Turning to the financial sector, we see the financial system’s resilience as having improved although vulnerabilities remain. The capital of banks has been strengthened, their reliance on wholesale funding has been reduced, and overall financial conditions in Germany remain very supportive. Vulnerabilities remain with regard to some exposures to the shipping sector, international commercial real estate, and some foreign asset holdings. Despite the overall strengthening of the financial system, credit growth remains benign, nevertheless, because of low demand for credit rather than any supply constraints. This low demand is tied to the uncertainty I mentioned before. We welcome the macroprudential policy framework that has been put in place, but in the current environment there is no need to tighten policies.
The financial reform momentum in Germany and at the regional level must be sustained. Further augmenting capital buffers in Germany, improving profitability and efficiency and adjusting business models ahead of new regulatory requirements will be key priorities. The surveillance of cross border banks requires ongoing close cooperation of supervisors. At the regional level, a clear, harmonized and coherent roadmap towards achieving domestic and European objectives, including steps to reverse the fragmentation of banking systems in Europe along national lines, would help alleviate uncertainty greatly and support an economic recovery both here and in the euro area.
Let me also note that we commend Germany’s role as an anchor of stability in the euro area. This is underpinned by Germany’s strong fundamentals, which are in part the outcome of many difficult reforms undertaken in the past. Germany also plays a leadership role in developing policies and improving the architecture at the euro area level. We welcome Germany’s continued leadership in helping achieving further integration within the European Monetary Union (EMU) and in articulating a long-term shared vision for closer economic and financial integration among EMU member countries. This would provide a crucial anchor to the expectations of households and firms.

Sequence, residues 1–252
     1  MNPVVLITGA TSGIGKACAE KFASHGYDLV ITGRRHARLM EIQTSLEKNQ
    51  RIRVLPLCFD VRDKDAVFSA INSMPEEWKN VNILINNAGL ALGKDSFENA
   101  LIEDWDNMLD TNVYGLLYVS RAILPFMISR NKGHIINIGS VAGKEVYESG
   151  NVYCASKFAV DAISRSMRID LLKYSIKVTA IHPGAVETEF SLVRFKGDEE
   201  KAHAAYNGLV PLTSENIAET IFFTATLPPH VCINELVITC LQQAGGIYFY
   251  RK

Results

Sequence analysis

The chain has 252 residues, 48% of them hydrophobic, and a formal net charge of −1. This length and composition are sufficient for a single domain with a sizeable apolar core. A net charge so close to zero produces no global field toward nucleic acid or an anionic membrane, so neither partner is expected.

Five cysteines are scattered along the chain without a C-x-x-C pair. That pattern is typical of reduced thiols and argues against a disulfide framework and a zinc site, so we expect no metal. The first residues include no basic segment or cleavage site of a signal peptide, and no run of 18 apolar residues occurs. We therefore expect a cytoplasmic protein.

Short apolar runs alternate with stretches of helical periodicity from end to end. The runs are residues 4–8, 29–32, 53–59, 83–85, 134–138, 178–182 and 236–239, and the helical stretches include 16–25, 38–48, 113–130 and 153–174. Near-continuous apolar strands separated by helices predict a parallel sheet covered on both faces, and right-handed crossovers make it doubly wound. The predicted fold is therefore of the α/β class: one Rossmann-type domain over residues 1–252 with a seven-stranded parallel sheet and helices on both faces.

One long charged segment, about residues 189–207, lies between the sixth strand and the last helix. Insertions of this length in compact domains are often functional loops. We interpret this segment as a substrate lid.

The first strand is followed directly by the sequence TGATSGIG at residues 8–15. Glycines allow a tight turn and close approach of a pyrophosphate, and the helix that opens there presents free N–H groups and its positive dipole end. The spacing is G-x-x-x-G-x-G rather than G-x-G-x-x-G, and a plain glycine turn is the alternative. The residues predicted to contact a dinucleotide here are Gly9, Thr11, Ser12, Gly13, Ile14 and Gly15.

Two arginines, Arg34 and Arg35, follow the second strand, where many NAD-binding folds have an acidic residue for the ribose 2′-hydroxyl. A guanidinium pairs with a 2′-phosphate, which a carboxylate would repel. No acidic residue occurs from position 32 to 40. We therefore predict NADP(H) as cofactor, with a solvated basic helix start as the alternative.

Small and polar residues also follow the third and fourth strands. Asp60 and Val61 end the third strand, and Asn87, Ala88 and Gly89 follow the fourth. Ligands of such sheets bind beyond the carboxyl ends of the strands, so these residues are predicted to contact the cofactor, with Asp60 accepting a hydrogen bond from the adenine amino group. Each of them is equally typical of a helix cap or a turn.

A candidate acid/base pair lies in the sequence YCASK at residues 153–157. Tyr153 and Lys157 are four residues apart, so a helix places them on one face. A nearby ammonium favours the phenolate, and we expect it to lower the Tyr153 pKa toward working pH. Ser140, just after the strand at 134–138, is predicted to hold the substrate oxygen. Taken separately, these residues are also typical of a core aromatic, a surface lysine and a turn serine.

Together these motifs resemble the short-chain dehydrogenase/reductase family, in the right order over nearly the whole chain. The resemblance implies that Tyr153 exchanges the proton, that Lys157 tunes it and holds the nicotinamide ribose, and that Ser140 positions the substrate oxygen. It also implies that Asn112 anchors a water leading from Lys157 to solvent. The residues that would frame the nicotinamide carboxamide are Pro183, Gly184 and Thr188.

Germany also needs to do its own structural reforms to guard its economy’s long term potential. This includes measures to increase the labor force as well as ways to increase investment in areas outside Germany’s traditional manufacturing strengths and strengthen productivity in services sector. Last but not least, we would like to thank our counterparts for their close cooperation and candor during our mission.
We will now be happy to take some questions.
QUESTIONER: Two things: I didn't get anything of a vision of your current forecast for 2014. So, may I assume that you stayed with this 1.5 percent, even looking at forecasting in April?
And second question -- if you would name the most significant weakness of the German economy, what would that be?
MR. LALL: In fact, we are looking at our forecast very closely, and we -- in terms of our quarterly projections -- we assume a return to potential growth next year. However, because of low growth this year and the carryover effect, the overall number is likely to be marginally lower than 1.5 percent that you mentioned from before. So, it could be around 1.3 or so, but we still have to work out the year-on-year effects. But the projection is for quarterly growth to be close to its potential by next year.
Now, you asked about what the most significant weakness of the German economy is. As I mentioned before, we actually point to the strengths of German fundamentals. And I mentioned the balance sheets that are strong, and, in fact, that this has provided an anchor of stability for the euro area, and for Europe as a whole.